I packed all I owned in the Studebaker and moved to Erie, PA for my first engineering job.

            One day I was driving on I-79 from Erie to Pittsburgh when the engine just quit. I hitchhiked to Pittsburgh and came back the next day to check out the Stude. I found it had no spark, and on further investigation revealed the distributor was not rotating. I towed it to my parents' home again.

            The Studebaker engine had a steel gear on the crankshaft that dove a fiber gear on the camshaft and several teeth on the fiber gear were found to be missing. Using a gear puller, the fiber gear broke. Kilment Brothers Studebaker was still in business in the early 1970s selling parts and repairing cars. The steel hub on the camshaft was thin at the keyway and it looked to an untrained mechanic like a few "taps" with a cold chisel would split the hub. Wrong! It broke the end off the camshaft.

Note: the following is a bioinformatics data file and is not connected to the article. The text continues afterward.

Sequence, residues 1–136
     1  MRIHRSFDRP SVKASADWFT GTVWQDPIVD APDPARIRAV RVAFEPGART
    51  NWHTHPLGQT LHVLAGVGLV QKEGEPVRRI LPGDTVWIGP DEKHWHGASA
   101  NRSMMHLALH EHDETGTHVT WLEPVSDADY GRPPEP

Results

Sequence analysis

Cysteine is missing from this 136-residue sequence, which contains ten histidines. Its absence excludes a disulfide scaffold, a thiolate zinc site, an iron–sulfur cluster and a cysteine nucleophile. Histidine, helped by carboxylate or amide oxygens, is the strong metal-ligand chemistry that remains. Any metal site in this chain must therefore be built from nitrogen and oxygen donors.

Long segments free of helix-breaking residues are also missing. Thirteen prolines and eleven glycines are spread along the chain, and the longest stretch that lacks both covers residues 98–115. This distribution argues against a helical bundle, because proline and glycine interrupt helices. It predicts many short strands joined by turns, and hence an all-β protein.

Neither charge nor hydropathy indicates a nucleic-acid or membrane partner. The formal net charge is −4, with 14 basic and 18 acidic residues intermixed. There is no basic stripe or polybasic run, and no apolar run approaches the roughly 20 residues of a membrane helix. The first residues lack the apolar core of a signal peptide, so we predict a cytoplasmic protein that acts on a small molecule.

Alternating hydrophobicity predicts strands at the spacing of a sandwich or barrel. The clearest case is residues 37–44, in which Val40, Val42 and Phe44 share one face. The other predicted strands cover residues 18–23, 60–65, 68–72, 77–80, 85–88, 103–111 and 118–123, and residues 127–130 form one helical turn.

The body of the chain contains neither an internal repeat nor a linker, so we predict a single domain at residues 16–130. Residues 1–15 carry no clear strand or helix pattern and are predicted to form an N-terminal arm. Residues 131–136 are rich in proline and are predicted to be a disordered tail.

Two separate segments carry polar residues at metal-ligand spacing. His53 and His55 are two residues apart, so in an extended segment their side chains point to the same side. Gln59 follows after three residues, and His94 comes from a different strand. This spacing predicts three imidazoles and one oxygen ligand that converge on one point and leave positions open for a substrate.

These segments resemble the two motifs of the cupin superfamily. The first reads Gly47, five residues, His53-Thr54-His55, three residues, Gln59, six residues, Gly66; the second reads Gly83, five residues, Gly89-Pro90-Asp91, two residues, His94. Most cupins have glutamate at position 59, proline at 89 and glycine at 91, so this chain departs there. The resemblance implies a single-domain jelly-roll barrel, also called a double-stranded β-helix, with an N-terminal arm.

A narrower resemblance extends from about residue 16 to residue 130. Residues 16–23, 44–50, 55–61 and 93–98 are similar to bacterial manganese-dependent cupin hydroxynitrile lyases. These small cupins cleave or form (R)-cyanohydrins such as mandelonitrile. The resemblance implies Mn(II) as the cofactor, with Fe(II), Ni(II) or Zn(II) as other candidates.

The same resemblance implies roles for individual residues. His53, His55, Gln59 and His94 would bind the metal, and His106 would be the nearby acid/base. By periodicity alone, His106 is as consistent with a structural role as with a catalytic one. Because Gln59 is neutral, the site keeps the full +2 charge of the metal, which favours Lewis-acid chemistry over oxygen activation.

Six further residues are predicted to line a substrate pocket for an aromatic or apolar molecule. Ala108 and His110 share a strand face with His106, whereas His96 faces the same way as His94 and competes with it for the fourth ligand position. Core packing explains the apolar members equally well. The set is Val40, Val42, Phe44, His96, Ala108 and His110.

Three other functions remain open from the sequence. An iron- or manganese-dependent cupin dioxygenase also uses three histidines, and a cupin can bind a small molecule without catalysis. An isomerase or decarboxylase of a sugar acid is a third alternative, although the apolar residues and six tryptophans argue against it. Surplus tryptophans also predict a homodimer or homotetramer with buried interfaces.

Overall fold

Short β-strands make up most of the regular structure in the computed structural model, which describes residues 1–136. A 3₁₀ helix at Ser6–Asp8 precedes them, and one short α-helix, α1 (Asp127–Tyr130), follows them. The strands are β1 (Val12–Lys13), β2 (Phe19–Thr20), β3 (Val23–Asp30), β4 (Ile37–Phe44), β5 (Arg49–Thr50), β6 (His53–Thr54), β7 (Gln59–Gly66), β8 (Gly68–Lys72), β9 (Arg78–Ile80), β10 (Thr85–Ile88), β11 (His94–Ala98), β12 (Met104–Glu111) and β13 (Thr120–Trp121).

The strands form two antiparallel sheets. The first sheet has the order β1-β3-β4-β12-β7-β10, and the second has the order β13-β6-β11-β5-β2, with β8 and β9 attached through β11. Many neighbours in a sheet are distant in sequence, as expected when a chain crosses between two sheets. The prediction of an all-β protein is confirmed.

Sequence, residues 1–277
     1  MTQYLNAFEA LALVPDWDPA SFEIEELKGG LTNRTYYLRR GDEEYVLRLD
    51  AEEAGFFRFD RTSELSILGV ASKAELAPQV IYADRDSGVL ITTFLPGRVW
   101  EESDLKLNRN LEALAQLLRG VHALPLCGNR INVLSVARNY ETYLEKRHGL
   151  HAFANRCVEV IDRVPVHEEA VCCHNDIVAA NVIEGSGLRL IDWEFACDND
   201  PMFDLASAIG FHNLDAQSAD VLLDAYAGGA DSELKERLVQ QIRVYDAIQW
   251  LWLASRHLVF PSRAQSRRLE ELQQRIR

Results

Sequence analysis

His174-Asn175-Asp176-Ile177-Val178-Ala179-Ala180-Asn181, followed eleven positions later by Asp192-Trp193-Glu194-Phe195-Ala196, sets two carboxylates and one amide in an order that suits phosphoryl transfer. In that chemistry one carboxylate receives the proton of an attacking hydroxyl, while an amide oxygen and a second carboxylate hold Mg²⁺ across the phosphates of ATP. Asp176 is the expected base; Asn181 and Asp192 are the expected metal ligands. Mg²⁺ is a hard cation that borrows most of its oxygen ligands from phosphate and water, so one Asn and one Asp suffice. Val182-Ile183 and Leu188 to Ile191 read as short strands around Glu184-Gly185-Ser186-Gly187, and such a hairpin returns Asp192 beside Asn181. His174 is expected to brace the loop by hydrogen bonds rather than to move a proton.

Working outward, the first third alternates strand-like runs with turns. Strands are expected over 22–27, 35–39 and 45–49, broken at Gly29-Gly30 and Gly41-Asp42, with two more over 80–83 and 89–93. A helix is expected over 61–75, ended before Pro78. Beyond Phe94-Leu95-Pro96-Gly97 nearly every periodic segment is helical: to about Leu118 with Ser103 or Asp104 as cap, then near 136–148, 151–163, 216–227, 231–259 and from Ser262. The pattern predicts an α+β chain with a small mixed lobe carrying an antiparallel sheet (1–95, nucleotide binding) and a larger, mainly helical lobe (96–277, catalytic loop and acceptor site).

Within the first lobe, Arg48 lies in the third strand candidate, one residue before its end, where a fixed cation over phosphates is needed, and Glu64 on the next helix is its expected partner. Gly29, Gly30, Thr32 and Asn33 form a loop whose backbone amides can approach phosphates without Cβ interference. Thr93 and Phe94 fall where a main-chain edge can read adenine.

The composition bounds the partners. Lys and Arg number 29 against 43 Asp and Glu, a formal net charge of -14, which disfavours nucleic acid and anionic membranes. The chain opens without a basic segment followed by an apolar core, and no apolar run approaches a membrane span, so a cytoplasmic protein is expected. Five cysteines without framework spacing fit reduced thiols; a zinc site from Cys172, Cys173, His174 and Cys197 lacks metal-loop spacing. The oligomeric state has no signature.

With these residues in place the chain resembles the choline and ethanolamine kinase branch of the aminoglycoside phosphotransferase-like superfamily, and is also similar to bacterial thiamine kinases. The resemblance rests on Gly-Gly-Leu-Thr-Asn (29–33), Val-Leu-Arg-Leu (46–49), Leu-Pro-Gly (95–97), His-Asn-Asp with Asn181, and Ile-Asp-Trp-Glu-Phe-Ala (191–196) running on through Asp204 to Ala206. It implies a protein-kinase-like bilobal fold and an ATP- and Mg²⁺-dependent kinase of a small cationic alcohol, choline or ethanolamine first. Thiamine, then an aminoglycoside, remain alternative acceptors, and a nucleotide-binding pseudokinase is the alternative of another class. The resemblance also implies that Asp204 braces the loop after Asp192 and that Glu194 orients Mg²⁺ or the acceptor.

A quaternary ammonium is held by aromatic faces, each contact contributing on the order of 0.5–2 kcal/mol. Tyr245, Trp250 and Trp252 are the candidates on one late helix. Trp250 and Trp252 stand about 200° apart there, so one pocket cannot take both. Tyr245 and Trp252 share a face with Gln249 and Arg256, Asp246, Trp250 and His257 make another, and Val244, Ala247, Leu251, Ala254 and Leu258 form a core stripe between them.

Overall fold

Back to Kliment's to return the gear. However they had a 1958 Lark VI with a good engine that they sold be for $10. Some parts like the crankshaft and water pump pulleys and the generator had to be swapped off the 1951 engine to work with the 6 volt electrical system and the flywheel had to be swapped as Studebaker had changed the number of teeth on the ring gear when they went to the 12 volt system.

            We were told to get it ready to pull and when that was done Kilment's brought out the Studebaker wrecker and lifted the engine out of the Lark and into my friend's truck. That was a good engine.

            Those were the good old days.

            Rich Hall


            • #7
              Anyone have a photo of this dealership? Thanks.
              Richard Quinn
              Editor emeritus: Antique Studebaker Review


              • #8
                Originally posted by Studebaker Wheel View Post
                Anyone have a photo of this dealership? Thanks.
                Here are two of five from Bob Johnstone's website.

                Bob Langer